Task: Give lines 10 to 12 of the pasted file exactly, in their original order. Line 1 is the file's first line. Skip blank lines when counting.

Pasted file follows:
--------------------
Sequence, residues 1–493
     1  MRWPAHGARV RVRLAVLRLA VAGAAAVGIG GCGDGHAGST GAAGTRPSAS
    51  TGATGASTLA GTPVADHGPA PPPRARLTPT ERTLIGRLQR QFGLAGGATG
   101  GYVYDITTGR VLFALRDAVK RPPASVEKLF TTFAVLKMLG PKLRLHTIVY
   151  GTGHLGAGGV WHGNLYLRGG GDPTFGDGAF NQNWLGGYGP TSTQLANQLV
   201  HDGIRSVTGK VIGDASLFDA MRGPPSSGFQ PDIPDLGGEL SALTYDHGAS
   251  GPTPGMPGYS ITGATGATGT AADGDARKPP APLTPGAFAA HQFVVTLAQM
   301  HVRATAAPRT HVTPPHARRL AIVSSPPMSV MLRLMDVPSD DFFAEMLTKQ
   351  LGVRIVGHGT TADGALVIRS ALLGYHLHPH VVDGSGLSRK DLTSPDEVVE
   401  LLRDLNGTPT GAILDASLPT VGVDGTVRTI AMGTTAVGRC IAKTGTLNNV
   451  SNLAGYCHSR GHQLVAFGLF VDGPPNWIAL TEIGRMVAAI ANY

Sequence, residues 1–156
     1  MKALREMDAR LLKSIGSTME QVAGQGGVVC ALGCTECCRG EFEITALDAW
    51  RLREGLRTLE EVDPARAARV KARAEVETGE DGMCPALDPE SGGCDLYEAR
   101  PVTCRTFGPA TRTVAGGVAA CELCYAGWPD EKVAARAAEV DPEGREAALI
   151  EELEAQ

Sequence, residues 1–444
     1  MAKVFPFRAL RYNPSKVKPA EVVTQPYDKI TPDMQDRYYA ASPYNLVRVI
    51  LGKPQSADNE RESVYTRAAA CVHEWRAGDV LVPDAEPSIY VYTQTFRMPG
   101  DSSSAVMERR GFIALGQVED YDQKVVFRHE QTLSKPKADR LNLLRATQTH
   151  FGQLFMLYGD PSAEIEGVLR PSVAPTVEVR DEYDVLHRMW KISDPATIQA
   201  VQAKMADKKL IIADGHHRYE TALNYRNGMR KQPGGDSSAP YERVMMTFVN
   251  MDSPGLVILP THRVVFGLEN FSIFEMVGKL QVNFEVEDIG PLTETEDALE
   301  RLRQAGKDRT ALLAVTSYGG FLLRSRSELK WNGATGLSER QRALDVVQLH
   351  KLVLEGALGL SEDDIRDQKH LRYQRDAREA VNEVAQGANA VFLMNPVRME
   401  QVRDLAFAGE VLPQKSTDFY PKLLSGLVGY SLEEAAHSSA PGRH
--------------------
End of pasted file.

   401  LLRDLNGTPT GAILDASLPT VGVDGTVRTI AMGTTAVGRC IAKTGTLNNV
   451  SNLAGYCHSR GHQLVAFGLF VDGPPNWIAL TEIGRMVAAI ANY

Sequence, residues 1–156